Colombia says it has already given temporary residence to 870,000 Venezuelans but it can barely cope.
It has pleaded with its southern neighbours to agree to a combined migration strategy, while Ecuador has called a meeting of 13 Latin American countries next month to discuss the crisis.
“From all countries, Colombia is the one that is taking the worst hit, we cannot ask the population to go back,” Rodriguez, the professor, said.
“Every day we receive pregnant women that require medical assistance. Turning them back is sentencing them to death, we need to respond and find spaces in societies that are feasible for them,” he added.
UN Secretary-General Antonio Guterres will set up a special team to ensure a coordinated regional response, his spokesman Stephane Dujarric said.
Venezuela is in a fourth straight year of recession, with double-digit declines in its gross domestic product. The inflation rate is expected to reach an astonishing one million percent this year, according to the International Monetary Fund (IMF).
Under President Nicolas Maduro’s leadership, the industry is operating at only 30 percent, hit hard by the crash in oil prices since 2014 in a country that earns 96 percent of its revenue from crude.
In efforts to boost the economy and tame the rampant hyperinflation, Maduro and his government on August 20 rolled out a new currency, slashing five zeroes from the bolivar.
The new bolivar, which will be in circulation alongside the old currency during a transitional period, will be pegged to the country’s state-backed cryptocurrency, the petro.
“This change has generated huge uncertainty among Venezuelans, and people are not having easy access to the new currency,” Rodriguez said.
“All the paper money [new and old] look very similar, creating huge confusion, all of them are labelled as Bolivares, so now the citizens don’t know if they are using the right money or not”
“This situation has made incredibly difficult for Venezuelans to receive the remittances, creating huge chaos, this change is what ultimately motivated people to flee the country,” he added.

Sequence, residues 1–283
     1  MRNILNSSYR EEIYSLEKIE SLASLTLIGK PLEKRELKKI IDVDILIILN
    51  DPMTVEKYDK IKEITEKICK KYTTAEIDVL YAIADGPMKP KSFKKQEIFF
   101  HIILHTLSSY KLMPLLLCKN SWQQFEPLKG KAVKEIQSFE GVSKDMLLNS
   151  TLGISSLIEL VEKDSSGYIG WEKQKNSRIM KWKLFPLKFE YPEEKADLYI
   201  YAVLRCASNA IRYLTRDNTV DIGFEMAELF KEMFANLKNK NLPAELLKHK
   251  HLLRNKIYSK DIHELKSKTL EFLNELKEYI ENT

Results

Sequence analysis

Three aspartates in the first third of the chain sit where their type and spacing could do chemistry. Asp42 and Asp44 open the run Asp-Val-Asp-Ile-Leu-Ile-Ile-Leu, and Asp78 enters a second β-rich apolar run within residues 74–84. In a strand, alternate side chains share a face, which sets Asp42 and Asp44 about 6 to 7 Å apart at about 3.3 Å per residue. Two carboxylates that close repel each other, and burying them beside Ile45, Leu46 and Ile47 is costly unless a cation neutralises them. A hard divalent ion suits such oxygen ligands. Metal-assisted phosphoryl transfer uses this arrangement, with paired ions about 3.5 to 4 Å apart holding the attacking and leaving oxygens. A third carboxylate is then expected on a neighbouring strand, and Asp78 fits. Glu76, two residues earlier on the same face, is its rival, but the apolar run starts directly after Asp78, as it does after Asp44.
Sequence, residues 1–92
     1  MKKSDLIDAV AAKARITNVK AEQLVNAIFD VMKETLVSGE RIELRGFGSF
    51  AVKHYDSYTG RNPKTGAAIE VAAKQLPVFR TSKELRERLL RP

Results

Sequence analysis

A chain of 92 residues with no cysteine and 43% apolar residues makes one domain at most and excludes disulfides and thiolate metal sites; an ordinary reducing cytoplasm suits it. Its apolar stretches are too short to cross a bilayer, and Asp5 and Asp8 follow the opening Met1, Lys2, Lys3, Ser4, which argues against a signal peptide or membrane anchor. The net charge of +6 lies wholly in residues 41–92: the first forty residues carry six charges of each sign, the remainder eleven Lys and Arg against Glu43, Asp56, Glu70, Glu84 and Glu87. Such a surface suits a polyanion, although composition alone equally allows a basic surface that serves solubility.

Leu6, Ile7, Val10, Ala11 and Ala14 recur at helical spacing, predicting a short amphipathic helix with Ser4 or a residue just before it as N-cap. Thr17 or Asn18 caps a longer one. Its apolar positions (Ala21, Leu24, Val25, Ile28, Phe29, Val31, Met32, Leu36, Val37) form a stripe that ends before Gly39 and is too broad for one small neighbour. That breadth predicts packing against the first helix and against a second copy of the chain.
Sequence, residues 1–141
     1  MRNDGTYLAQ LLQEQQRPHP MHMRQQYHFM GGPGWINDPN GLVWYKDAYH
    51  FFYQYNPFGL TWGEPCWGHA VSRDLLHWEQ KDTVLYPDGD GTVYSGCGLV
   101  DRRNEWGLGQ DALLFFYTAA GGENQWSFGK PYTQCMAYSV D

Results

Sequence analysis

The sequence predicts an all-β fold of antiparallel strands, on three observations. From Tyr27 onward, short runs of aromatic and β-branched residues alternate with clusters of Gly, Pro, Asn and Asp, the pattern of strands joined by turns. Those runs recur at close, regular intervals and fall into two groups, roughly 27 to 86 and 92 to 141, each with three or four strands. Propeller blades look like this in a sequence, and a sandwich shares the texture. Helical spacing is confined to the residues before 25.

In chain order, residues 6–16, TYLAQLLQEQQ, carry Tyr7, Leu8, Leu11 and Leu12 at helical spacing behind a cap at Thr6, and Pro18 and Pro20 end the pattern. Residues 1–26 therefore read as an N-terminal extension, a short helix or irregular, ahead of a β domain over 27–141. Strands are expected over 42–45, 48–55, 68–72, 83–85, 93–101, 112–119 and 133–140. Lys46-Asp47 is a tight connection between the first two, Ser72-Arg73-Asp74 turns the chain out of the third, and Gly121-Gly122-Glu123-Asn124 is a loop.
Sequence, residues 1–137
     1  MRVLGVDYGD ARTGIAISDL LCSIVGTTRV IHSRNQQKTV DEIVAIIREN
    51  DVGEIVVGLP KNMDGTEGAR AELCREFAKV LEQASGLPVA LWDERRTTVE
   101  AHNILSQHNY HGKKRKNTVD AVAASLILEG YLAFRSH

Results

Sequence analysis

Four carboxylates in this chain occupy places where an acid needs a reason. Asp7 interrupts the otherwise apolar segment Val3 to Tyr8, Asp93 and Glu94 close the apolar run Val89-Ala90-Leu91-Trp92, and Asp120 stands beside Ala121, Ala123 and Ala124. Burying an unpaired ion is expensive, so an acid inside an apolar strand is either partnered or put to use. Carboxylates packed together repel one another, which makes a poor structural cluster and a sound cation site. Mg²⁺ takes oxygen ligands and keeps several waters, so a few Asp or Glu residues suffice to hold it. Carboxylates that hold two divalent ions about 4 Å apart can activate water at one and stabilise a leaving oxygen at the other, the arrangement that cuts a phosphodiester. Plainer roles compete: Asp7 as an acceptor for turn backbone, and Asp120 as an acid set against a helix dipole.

Maduro, who says that he is the victim of a US-led “economic war” designed to sabotage his administration through sanctions, said that using the petro will abolish the “tyranny” of the dollar and lead to an economic rebirth in Venezuela.
Other measures recently introduced by the government include a loosening of foreign capital rules and a massive increase in the minimum wage.
But despite these moves, the pace of departures has accelerated in recent days.
“It’s sad – I graduated with a bachelor degree, now I can’t begin my career in law,” Zenalis Rodriguez, a Venezuelan at the Peruvian-Ecuadorean border, told Al Jazeera.
“We all gave up our future – in Venezuela we don’t have a chance.”
As the exodus continues, many fear the crisis will not end any time soon.
“Even if Maduro falls tomorrow, that doesn’t mean people will go back – people won’t go back to a country that is highly unstable,” said Rodriguez.
“This situation will transform Latin America, and it will last many years. A joint response will be required, Latin America will need to work as a region,” he added.
“These people will need to be absorbed and assumed, and the countries will need to come up with instruments that aid them and regulatory mechanisms to sort this crisis out.”
Additional reporting by Elizabeth Melimopoulos: @